“Okay great!” Sheryl continues to look down into the screen of her phone as she walks the other way toward her car. “#Sundaybest, #mydaddyflyerthanyours, #isjesusjealous?”

“Baby girl what are you saying?”

“It’s for Instagram daddy. Don’t worry about it.”


I’m mostly quiet on the way there. We pull up to a mid-size, maroon-bricked church with not much of a steeple about 45 minutes later. Parking right in front of the church, it’s a much different scene than what I’m used to seeing upon arriving at church on Sunday morning. The scene outside the building is vibrant. Dozens of people in bright suits, some in street clothes greet each other with a youthful kind of enthusiasm. The kind that’s still quick enough to avoid pain.

We reach the front entrance. One of the ushers gives my daughter a knowing smile. He has on a grey suit that’s light enough not to be considered solemn. Still smiling he says, “Now I know this young man ain’t the daddy you been telling us about.”

He must think it a compliment to insinuate my youth. As he extends his hand, I squeeze slightly tighter, hold on for a few seconds longer.

Sheryl begins to work the lobby of the church. She gets her social prowess from her mother. I used to just stand aside and smile, only talking when directly addressed. This morning I manage to stand in a spot where virtually no one notices me while Sheryl schmoozes. I am almost successful until I feel someone step closer to me.

“Good morning.” The certainty in his voice told me he held some position in the church that required him to corral new faces. I respond in kind.

“I’m Deacon Jeffrey Jones. Is this your first time with us this morning?”

“Yeah my daughter Sheryl actually goes here. I’m here with her this morning.”

“Oh Sheryl!” My daughter was one of those people that always managed to captivate whatever spaces she entered. I knew mentioning her name would bring some familiarity in the man’s mind. “She’s extremely active in our fitness and nutrition ministry. We’re very happy to have her, and I’m sure you are a very proud father.”

“Yeah that’s my baby girl.” We collaborate on an awkward silence that I hope does not convey a lack of interest in what he’s saying. I tend to be that way around “new” people.

“Well sir, I hope you wouldn’t mind staying after church to meet our pastor. He likes to see the faces of our first-time visitors.”

I nodded my head and told him it was nice to meet him before walking toward my daughter as she walked into the sanctuary.


They end church with an altar call. After which everyone is dismissed.

“Go my brothers and sisters, and spread your light into the rest of the world.”

Sheryl tugs at me. “Ms. Anne always sits in the back. Come on so I can introduce you to her.”

I had almost forgotten my original purpose for attending. Thinking of how I would avoid having to meet an over-enthused clergy after church distracted me from what I was originally there to avoid. I walk slowly behind Sheryl, almost dragging. Sheryl walks within 3 feet of a woman’s back.

“Ms. Anne!”

A woman turns around, looking to be in her late 50s, early 60s. She had on a purple dress, about ankle length, with only the slightest amount of frills. Her eyes were soft, but strained, and she had just enough smile to fit soundly within the well-placed wrinkles on her face. I imagine I was the first person to try to avoid meeting her.

“Ms. Anne, this is my daddy.”

“Hi, I’m Eddie.” She reaches out her right hand to shake mine, but the tremor is back. Ignoring it, I inexplicably reach out my left hand to grab her right and kiss her on it. Wow Eddie.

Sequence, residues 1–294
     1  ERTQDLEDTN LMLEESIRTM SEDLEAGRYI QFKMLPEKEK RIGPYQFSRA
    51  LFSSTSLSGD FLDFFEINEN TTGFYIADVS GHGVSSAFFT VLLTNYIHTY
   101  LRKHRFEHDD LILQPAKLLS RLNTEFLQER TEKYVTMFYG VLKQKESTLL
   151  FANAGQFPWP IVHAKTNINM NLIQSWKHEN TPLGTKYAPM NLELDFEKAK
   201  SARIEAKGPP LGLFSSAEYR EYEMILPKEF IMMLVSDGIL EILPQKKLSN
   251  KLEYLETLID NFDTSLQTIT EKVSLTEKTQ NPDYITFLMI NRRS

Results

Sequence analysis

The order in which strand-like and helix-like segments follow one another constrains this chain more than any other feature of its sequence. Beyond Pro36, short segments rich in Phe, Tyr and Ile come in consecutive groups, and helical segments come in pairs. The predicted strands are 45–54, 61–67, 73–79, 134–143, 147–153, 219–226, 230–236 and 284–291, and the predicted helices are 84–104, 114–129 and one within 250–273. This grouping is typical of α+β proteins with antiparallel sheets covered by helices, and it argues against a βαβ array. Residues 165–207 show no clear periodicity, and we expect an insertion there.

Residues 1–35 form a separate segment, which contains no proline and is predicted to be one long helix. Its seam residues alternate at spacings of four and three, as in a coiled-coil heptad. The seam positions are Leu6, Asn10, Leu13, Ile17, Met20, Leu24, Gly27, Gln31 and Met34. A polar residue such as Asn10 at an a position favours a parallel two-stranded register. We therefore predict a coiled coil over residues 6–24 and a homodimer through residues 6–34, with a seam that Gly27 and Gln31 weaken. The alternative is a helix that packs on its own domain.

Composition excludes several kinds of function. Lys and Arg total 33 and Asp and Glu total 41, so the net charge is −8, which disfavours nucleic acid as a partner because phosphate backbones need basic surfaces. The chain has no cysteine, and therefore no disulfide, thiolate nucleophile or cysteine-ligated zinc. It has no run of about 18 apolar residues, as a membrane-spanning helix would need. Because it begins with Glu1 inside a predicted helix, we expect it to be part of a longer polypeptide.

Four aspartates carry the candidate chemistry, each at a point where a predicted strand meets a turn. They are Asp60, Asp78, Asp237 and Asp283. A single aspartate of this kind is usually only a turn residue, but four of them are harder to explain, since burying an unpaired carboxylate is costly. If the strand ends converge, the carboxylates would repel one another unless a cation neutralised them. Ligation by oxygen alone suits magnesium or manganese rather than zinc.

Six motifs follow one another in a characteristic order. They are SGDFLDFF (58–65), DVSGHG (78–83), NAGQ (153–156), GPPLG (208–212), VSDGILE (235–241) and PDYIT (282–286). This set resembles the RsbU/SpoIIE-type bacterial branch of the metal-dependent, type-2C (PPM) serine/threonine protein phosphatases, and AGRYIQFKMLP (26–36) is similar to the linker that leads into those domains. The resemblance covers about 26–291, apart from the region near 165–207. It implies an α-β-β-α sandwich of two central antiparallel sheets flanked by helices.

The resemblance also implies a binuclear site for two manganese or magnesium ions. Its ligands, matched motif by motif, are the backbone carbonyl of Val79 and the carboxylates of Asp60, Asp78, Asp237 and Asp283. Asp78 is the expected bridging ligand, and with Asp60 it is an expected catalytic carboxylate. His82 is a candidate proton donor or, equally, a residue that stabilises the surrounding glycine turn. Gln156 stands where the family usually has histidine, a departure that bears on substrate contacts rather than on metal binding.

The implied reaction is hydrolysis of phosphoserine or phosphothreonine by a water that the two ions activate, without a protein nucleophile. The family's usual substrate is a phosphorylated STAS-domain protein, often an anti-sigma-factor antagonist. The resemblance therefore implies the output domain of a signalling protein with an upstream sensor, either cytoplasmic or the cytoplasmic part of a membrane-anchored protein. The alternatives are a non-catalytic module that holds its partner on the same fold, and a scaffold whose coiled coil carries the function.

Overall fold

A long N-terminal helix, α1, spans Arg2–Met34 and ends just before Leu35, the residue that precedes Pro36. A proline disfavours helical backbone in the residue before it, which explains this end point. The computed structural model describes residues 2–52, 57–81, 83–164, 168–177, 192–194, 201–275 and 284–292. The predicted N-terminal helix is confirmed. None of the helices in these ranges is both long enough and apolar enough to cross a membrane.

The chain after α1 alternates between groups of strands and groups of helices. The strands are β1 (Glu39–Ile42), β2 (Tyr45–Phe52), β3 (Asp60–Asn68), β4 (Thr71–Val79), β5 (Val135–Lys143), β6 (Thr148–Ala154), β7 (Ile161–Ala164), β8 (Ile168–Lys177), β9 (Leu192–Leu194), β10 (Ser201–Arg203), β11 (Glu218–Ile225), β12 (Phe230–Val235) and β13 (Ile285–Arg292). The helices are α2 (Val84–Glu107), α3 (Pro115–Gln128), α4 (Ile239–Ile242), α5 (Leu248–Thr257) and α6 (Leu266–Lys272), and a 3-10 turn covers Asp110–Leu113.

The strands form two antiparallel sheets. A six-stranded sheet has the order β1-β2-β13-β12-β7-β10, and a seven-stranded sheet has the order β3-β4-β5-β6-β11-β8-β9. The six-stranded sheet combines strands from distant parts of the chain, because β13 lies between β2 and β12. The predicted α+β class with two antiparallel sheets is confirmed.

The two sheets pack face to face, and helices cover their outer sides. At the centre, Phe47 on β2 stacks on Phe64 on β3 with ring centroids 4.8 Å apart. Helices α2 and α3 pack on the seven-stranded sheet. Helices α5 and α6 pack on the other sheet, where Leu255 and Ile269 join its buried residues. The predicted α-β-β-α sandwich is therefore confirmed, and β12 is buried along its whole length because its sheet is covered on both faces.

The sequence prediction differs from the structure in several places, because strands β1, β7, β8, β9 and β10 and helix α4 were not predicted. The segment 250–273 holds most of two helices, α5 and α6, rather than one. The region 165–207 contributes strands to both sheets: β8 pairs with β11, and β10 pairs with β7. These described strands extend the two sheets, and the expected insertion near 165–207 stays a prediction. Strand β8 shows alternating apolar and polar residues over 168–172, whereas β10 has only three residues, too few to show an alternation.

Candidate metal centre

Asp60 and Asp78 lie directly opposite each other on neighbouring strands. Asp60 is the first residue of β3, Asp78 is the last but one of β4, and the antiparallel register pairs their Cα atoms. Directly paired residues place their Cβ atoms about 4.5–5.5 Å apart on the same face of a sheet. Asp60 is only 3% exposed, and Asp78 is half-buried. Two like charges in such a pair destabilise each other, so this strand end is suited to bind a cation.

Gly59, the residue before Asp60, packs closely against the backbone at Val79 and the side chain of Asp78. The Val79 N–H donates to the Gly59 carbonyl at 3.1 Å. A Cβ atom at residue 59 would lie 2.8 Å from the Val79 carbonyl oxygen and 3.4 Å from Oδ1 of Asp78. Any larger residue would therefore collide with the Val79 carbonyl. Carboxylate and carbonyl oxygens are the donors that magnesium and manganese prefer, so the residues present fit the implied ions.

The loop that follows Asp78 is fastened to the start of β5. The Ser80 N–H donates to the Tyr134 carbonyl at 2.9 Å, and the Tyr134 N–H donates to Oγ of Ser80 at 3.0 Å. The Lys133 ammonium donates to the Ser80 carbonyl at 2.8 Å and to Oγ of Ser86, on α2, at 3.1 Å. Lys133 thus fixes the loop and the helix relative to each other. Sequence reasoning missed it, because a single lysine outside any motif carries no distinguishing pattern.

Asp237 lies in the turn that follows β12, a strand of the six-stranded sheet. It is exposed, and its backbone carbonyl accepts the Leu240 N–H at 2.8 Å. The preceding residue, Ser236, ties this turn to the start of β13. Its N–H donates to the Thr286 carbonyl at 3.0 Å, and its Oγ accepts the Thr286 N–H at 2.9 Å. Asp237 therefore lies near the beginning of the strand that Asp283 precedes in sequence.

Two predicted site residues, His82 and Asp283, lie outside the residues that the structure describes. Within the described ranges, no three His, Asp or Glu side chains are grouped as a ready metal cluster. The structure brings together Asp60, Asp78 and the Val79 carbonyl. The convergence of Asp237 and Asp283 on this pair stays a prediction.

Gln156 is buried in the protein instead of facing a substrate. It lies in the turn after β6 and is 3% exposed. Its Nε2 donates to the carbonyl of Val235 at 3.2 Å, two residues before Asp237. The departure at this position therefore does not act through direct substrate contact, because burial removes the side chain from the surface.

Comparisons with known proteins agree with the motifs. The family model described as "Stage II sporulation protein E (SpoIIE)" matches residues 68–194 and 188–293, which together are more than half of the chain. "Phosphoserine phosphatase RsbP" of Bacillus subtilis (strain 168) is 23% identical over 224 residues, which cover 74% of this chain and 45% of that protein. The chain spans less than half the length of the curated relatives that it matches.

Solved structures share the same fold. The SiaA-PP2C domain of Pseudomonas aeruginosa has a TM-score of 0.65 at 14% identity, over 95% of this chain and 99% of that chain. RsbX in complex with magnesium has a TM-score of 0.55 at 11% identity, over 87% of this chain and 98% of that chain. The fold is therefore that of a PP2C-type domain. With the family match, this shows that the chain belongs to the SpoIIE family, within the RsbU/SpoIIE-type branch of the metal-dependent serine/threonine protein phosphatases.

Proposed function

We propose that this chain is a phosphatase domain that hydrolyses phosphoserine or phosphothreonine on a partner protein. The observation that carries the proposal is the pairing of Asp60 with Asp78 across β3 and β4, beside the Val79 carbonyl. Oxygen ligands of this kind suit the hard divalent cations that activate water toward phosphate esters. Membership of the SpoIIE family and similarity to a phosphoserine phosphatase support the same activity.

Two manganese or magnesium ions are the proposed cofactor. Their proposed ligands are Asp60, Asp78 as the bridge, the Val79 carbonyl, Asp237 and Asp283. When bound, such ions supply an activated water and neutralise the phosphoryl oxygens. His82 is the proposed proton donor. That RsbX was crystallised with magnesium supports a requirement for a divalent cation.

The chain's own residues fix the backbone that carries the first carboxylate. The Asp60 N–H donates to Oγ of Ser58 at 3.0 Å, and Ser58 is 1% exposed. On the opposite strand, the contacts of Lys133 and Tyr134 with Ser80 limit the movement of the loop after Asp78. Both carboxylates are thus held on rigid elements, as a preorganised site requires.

“Oh!” She’s only half as surprised as I am at my actions. My daughter has a confused look on her face which, combined with her smile, would have made quite the snapshot.

Embarrassed by my actions and in need of a distraction, I turn immediately to my daughter. “Come on sweetheart. I have a church meeting I have to get to across town. We need to leave now.” I tug her arm and walk as fast as 67 year old limbs will allow. I try not to make eye contact with anyone as I leave.

We get in the car and I pretend to be fascinated by whatever is outside my window for five minutes. The silence is finally broken as Sheryl eases up the volume on the radio.

“Daddy, since when did you become James Bond smooth?”

She choked back her laughter, but I was unamused.

“You know we didn’t have to barge out like that. Sister Anne is from the Caribbean. She likes aggressive men.”

She utters these words as if she expected them to make me feel better.

“Just send her my apologies. Please.”

“Why don’t you tell her yourself? I have her number?”

“Are you serious? I practically assault the woman in the middle of a sanctuary, and now you want me to call her up like some crazed lunatic? Great advice Sheryl. I’m never going back to that place or speaking to her again.”

“Ok ok. Well, here’s her number just in case.” She tucks a card in my coat pocket which I pretend to ignore. The rest of the trip is silent other than the “Gospel Jamz” blasting from the speaker. Kids these days.

I tell her to forget the church meeting and take me straight home.


Etta James was always Deborah’s favorite artist. Even in the late stages of Alzheimer’s, an Etta James record seemed to turn back the clock. She would stand, or when her motor skills worsened, straighten up a little. And she would proceed to sing every single lyric to every single record. It never failed even when her mind was failing.

“A Sunday Kind of Love” was our wedding song. It was also the background noise for this particular Sunday evening. I opened the third drawer on the dresser in my bedroom and pulled a picture frame from underneath my socks. There she was. Dressed in a beautiful white gown that lay perfectly on her toffee brown skin. I think of what we always said to each other.

“I’ll love you till I fly.”

A slight tremor in my hand makes me lose control of the frame and it drops to the floor, shattering in pieces. Paying no attention to the mess, I pick up the picture, sliding it back into the sock drawer. Then I lay back onto the bed.


Josh Everett


Josh Everett is a native of Leeds, Alabama. He started both writing and performing to try and impress two different women at different points in my life. He’s been swept up in a love affair with writing ever since. His writing ranges in topics from love to racism to awkwardly stumbling through young adulthood. He currently works as a community organizer in Jacksonville, FL.